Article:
And it did. As we began work on Agents of Ishq, an entire obscured universe of Indian sexual life opened up, returning our offer of pleasure, with answering pleasures, brimming up to fill our senses. People began writing to us to contribute their stories, which fit into none of the templates that the sex surveys and assertions about Indian sexuality impose on us.
In ‘Jewels like Flowers: About Men’s Bodies and Women’s Desires’, Elise wrote of the penis:
“As for the erection? When addressed to one who it desires, and one who desires it, it is, simply, paradise on earth. It should be photographed, drawn, filmed, written, sung, sculpted… Why do we never see it?”
AK, a young man of 21, from Dharavi, in his podcast of his “rainy season ki kahani”, ‘Park Mein PDA (PDA in the Park)’, narrates:
“Usne mujhe smooch kiya toh aise laga jaise uske moon mein se mere moonh mein koi alag si taste aayi, ek meetha sa taste. Jaise mere hothon ko koi taste mili hai jo woh chhodna nahin chahte hain.”
He smooched me, and it felt like some unusual, sweet taste entered from his mouth into mine; a taste my lips would never be able to let go of.
Rogue Hasina, a 23-year-old from Bombay wrote, in ‘The Flower of My Secret’:
“Speaking of strokes, after overcoming the initial hesitations, sexual self-exploration was always a pleasurable experience. I realized how my body was capable of producing pleasure that was so fleeting yet so profound. Any remaining reservations I had about my actions dissolved after I experienced my first orgasm (hell yeah!).”
Satya, 19, yearns for a girl who is scared of sex and satisfies himself with drinking her in:
“Uski ankhen bahut hi pyari hain. Woh chashma lagati hai. Uski ankhen dekhta hoon toh lagta hai main usmein doob jaaoon. Uske baalon mein aisi sugandh hai jo mujhe bahut achchi lagti thi. Woh apne kaan mein ek hi earring pehenti hai. Thodi ajeeb hai, par acchi lagti hai.”
Her eyes are adorable. She wears glasses. I drown in her eyes. Her hair has a peculiar perfume which I just love. She wears only one earring. She’s a bit odd but I really like her so very much.
In story after story that people sent us, unsolicited, what unfolded was a world throbbing with sensory awareness, an appetite for pleasure, which revealed a beauty, self-awareness, vulnerability and sexual strength. When invited with no hint of shame or pressure to present their narrative in a narrow political frame, people offered stories of great openness and layers, without pontification and false moralities – progressive or regressive.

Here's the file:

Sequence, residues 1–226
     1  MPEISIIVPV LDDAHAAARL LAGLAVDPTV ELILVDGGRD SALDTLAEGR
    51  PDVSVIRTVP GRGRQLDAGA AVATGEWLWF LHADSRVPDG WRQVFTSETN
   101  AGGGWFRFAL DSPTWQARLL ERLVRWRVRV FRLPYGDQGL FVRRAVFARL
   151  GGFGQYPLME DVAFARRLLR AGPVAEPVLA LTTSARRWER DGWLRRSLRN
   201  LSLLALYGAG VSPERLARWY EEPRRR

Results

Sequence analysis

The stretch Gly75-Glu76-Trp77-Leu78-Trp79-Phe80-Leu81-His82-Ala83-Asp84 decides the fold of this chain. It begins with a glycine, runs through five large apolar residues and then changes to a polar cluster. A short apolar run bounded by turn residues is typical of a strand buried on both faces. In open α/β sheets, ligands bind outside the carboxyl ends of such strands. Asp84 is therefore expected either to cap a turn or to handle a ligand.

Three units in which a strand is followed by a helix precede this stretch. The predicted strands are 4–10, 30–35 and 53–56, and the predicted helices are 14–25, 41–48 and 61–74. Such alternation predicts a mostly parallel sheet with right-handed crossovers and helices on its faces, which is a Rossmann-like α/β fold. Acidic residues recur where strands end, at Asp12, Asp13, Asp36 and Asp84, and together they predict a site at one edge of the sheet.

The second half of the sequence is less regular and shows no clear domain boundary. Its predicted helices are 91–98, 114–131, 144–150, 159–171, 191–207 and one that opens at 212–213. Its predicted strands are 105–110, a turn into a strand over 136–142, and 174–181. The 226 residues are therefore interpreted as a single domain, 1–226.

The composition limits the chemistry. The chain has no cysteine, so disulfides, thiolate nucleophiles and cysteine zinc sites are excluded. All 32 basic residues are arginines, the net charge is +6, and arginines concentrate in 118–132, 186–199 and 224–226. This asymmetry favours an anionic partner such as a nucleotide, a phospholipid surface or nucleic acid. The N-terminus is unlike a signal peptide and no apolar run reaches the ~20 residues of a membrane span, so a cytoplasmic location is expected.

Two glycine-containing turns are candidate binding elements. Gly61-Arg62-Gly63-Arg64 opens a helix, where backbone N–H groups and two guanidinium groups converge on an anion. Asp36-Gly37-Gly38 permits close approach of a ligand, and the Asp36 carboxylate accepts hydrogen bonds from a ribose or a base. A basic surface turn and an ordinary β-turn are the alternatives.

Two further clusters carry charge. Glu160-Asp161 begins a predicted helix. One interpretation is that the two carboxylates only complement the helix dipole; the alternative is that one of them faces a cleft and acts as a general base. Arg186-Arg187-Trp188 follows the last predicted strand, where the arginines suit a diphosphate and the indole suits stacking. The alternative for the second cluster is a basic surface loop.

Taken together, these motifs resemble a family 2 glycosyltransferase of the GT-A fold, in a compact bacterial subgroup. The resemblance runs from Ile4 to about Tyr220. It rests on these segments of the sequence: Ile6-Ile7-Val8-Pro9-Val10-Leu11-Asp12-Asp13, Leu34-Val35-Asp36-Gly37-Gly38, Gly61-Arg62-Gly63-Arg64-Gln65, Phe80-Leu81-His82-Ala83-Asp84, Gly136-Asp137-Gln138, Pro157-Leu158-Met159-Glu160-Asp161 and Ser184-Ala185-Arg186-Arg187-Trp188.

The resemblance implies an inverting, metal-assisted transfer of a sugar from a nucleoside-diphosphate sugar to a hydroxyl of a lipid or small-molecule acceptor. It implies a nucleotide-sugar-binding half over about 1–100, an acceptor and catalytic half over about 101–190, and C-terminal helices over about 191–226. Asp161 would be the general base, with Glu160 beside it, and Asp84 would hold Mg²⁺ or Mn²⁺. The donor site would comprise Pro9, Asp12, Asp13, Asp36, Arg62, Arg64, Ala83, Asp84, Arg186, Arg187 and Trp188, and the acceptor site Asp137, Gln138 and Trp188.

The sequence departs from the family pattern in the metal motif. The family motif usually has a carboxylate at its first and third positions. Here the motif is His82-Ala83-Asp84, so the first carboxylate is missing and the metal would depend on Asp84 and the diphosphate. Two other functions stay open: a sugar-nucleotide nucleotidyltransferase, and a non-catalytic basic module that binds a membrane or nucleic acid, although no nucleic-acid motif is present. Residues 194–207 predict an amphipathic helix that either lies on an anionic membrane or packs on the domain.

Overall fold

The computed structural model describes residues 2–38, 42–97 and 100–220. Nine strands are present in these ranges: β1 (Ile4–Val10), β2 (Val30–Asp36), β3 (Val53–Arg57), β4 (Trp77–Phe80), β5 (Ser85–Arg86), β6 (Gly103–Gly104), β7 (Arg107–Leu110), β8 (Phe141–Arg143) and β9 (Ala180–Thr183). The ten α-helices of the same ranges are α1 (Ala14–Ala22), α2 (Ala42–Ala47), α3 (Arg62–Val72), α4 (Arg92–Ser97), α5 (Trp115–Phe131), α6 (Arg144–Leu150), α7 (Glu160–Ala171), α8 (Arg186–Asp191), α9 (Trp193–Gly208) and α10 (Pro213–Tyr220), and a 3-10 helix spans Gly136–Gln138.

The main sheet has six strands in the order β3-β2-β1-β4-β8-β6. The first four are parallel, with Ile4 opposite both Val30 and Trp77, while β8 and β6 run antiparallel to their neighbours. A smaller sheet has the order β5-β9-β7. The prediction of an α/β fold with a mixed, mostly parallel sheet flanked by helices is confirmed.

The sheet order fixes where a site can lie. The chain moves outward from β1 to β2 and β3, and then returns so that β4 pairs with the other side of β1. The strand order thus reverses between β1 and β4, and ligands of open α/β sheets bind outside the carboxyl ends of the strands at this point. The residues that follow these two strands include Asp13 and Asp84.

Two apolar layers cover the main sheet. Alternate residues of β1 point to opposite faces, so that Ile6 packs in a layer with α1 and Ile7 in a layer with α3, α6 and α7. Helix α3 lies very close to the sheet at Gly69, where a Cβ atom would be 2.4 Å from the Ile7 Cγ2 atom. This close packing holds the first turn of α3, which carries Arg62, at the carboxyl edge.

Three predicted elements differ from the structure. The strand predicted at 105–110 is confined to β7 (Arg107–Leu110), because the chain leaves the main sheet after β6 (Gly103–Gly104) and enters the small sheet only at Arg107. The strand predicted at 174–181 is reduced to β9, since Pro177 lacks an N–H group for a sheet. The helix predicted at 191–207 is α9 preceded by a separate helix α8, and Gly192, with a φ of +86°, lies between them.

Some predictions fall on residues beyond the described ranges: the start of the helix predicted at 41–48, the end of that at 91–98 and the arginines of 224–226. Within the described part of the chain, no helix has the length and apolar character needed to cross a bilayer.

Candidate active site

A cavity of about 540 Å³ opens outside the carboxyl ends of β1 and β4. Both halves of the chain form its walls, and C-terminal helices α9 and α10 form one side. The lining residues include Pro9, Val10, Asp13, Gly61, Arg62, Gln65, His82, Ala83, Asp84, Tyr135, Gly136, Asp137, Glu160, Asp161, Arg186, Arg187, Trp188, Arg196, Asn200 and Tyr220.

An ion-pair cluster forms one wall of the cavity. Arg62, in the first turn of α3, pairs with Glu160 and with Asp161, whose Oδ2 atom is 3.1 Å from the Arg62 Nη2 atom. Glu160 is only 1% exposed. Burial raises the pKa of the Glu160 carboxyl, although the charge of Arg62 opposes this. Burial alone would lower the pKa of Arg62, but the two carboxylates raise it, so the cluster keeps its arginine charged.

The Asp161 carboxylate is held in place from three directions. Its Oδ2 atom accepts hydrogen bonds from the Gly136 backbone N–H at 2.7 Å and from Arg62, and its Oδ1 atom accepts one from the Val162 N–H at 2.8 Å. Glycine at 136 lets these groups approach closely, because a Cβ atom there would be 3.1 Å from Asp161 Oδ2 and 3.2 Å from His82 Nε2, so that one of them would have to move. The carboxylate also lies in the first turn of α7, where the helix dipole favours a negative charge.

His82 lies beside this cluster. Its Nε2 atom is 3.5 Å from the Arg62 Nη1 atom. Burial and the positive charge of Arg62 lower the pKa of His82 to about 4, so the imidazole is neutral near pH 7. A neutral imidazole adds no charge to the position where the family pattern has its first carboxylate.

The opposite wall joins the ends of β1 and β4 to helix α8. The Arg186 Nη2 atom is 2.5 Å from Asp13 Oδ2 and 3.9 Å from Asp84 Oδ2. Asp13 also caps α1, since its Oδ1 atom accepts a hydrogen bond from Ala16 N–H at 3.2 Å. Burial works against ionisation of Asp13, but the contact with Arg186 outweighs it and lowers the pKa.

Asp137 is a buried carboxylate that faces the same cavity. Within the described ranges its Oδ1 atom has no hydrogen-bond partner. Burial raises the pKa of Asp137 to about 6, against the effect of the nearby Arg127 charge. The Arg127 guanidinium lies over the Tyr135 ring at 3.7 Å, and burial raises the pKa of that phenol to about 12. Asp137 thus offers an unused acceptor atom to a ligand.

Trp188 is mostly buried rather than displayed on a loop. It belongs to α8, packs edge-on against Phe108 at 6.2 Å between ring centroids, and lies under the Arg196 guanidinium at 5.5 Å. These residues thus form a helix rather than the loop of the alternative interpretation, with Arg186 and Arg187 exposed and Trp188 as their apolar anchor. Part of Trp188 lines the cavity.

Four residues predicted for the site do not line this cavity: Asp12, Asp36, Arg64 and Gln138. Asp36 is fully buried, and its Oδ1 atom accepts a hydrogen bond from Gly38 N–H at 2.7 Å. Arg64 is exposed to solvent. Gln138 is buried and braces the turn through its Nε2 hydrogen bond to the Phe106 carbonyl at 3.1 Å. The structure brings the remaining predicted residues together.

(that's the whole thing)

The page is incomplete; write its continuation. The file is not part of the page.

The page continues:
They simply shared, through stories of sex-love-desire, a part of themselves. Joined to a whole, sitting alongside our information on safe sex, relationship types, sexual orientation, they formed a whole menu for appetites of every kind. A place you could come into and break sexual bread with.
Mainstream lecture-ousness matched by moralistic lecherouness, fears this appetite and keeps talking about repression and morality as if these are our only sexual realities (though they are certainly a part of our reality).
Yet are we not, in South Asian culture, at one level comfortable with our sensory appetites? With our love of food, our 500 pickles, our daily soaps, our 90 years of film songs, remembered, remixed, ringtoned, relished, do we not reveal the insatiable appetite of our senses? Why wouldn’t we be so in our relationship to sex as well? Who is served by pretending that we are a sexually repressed culture? Somehow explored via its appetites, the culture itself doesn’t co-operate with this perspective.
What would be the point of doing this then – looking at sex as an appetite of the senses? It is in the end, the only radical possibility. Only when we can accept these appetites in their complete unmatched set as sex, can we begin to acknowledge that we, each of us, is simultaneously in multiple sexual relationships.
The relationship in which we swap music with that one person, the other one in which we cannot stop talking whenever we meet, the one whom we have sex with once a year, the one with whom we have sex all the time, the one whose gaze we always hold a little too long, the one who likes to cook for us, whose food we always savour with a thrill, the one who makes us smile with how he dresses, so we dwell on his body and never hide that we do. In some way, when seen through the prism of the senses, all of this is sex, all of these are sexual relationships.
And maybe if we can see that and respect and love it and enjoy it, we can loosen the chastity belt of hierarchy, from our minds and hearts and groins, imagining a world of varied meaningful loves and sexes and selves. When, through the world of sex, we privilege the world of the senses, as much as the world of the mind, the tangibles and intangibles of power, the interplay of the objective and subjective in truth and fairness and love, we may become vulnerable, assailable, to change.
Then, maybe we can all be agents of ishq (and ice cream).